Sunday, November 4, 2007

Change to Hypothetical comparison force

The recent news that the airforce's A109M helicopter acquisition was not to be included in the NH-90 order, and in fact adds another $110 million to defence capital has led me to a quick skip through my study to see if there is anything I would have spent another $110 million on, had I had it.

I took a short look at COIN/Trainers such as the Embraer AT-29, the Raytheon T-6 (PC9) and the Pilatus PC21 but came rapidly to the conclusion that the threat from suicidal civilian pilots could either be met by the Falcon maritime patrol jet or wouldn't be met at all. While the need for aircraft to beat up fleeing fishing boats could be met by simply putting an HMG pod on a DHC-6.

Instead I revisited the question of maritime security.

I confess I was struck recently by a documentary showing the HMNZS Manawanui plodding around the Ocean inspecting the paperwork of fishing vessels. Two things struck me about this. The first was that for such a routine operation this was far too far out to sea (over 200nm) for an EH101 to be used. The second was the sad part when the Manawanui (max speed 11 knots) could not catch a foreign fishing boat that refused to acknowledge its radio messages and slipped away.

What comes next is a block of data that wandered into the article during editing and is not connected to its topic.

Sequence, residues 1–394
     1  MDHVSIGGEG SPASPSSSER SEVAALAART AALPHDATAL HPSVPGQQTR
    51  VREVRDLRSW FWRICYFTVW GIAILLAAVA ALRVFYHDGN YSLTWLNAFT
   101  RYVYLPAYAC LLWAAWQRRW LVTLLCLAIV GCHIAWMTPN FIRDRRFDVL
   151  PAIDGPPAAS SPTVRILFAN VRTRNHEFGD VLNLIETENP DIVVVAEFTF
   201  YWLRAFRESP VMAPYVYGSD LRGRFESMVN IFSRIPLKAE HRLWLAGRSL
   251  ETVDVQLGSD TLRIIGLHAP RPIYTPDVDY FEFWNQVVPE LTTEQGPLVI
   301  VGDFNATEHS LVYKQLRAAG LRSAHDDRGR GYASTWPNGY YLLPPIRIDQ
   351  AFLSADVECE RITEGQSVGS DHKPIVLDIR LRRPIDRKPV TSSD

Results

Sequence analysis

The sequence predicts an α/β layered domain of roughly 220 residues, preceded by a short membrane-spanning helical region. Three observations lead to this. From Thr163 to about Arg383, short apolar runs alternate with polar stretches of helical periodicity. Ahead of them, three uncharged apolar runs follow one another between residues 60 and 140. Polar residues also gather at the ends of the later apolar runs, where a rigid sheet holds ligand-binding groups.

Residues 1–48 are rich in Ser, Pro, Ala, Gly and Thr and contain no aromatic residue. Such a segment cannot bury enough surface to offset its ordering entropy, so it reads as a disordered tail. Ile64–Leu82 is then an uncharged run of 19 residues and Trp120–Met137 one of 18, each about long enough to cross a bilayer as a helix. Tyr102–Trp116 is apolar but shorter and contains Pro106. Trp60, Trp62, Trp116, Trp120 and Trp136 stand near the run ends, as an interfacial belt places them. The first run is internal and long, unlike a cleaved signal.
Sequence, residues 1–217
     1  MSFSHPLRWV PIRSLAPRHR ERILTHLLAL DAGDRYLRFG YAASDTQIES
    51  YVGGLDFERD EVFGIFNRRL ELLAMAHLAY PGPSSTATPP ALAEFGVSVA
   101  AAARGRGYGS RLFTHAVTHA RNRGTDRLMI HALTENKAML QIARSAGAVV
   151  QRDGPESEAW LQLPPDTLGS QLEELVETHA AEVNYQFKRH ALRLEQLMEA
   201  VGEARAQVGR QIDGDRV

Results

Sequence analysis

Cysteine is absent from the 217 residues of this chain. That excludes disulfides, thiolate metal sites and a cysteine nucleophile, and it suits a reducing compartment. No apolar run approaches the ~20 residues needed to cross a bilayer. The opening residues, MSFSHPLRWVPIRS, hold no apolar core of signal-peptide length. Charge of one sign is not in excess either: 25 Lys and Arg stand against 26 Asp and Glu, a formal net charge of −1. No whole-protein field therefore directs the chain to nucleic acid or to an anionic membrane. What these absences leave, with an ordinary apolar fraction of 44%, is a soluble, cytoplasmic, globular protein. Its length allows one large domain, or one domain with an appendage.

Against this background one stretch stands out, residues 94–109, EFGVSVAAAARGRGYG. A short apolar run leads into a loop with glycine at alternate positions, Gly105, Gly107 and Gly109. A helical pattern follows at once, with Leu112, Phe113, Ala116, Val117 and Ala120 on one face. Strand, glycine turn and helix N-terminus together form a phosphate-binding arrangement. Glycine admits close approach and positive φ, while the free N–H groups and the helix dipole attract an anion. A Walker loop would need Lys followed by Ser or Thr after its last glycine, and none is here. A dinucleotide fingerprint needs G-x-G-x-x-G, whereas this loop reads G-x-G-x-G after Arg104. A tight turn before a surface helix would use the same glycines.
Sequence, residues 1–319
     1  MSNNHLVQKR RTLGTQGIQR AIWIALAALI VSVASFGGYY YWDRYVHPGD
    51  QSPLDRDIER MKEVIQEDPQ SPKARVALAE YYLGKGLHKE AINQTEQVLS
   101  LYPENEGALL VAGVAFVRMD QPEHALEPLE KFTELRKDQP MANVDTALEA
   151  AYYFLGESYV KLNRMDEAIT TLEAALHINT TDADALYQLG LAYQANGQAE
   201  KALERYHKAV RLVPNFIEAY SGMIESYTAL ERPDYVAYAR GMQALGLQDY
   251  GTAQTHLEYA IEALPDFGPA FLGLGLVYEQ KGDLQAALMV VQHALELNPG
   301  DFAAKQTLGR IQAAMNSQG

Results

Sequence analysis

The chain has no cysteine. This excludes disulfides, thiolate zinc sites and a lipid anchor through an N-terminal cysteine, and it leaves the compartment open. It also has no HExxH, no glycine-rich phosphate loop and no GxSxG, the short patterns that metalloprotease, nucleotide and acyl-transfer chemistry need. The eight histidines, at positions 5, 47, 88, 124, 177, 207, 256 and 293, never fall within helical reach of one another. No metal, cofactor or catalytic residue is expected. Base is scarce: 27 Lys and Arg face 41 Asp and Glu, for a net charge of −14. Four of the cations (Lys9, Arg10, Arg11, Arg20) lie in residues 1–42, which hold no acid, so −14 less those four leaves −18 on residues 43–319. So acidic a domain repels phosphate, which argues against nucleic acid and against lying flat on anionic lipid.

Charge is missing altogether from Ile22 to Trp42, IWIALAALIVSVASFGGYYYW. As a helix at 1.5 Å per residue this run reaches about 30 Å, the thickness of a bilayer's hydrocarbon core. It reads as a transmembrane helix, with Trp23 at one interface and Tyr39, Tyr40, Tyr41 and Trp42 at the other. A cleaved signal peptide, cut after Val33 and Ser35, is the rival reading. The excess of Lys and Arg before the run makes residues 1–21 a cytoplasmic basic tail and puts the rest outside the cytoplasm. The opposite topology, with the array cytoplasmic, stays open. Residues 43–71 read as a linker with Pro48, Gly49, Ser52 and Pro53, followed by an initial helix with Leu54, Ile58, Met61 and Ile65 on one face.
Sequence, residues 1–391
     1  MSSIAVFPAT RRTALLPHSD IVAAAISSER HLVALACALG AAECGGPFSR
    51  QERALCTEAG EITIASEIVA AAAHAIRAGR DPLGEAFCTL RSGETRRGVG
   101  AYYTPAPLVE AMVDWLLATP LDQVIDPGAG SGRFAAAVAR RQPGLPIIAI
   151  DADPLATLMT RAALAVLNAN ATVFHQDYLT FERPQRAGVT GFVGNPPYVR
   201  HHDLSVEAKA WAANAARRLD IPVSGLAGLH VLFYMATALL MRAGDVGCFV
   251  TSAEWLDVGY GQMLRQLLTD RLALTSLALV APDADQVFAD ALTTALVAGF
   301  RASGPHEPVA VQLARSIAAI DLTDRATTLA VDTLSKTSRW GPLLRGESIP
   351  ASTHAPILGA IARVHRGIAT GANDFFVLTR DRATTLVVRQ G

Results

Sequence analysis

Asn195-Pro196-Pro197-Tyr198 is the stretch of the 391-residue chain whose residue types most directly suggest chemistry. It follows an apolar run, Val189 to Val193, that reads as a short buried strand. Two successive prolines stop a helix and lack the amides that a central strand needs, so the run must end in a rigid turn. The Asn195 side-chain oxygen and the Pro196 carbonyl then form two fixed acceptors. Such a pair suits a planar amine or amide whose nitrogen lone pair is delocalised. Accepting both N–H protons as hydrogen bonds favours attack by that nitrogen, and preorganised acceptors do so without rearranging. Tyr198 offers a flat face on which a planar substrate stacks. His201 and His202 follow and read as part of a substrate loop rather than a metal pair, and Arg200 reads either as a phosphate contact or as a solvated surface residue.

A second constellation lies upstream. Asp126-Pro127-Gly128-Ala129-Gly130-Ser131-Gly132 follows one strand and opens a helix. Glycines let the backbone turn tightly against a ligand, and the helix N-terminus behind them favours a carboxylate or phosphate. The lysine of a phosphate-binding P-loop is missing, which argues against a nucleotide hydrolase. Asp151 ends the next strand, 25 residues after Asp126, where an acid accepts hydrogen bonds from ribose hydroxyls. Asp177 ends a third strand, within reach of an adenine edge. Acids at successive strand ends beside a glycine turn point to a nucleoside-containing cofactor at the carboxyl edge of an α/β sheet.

Project Protector has allowed for two Offshore Patrol Vessels (Wellington launched last week and Otago). My hypothetical force allowed for two OPVs as well (based on the more capable Norwegian OPV design of the KV Svalbard class). While the hypothetical force would also have survey vessels these would be busy and may not have time for maritime security.

It also seemed to me that two deep sea patrol vessels seemed very few for the fourth largest EEZ in the world. Ireland has eight and only a fraction of our maritime territory.

Happily the answer was already in the study. With the extra allowance I have added two Environmental Protection Vessels of the Sarah Baartman class to the hypothertical force. This 83-metre OPV is perfect for our deep ocean fishery having good sea-keeping, heavy helicopter support, RHIB launch, oil-spill containment, towing capability and a 20-knot pursuit speed. Completed in 2004 Sarah Baartman cost the South African Department of Environment and Tourism US$19 million ! It has a small crew but can remain at sea for up to 45 days.

Moreover for missions to remote Pacific or southern ocean bases or islands the Sarah Baartman class vessel is ideal in that it can also carry six TEU containers. Replenishment missions to Raoul Island or Campbell Island quite apart from minor aid missions to Vanuatu etc would be well within the scope of this vessel.

Thus the hypothetical force now boasts four 80-metre vessels for maritime security in addition to the two maritime resources survey ships. Plus the hypothetical force is linked by heavy maritime helicopters able to operate at up to 200 nautical miles from land for extended periods.

Once again the counterfactual force can deliver significantly more useful capability for the money than the actual one.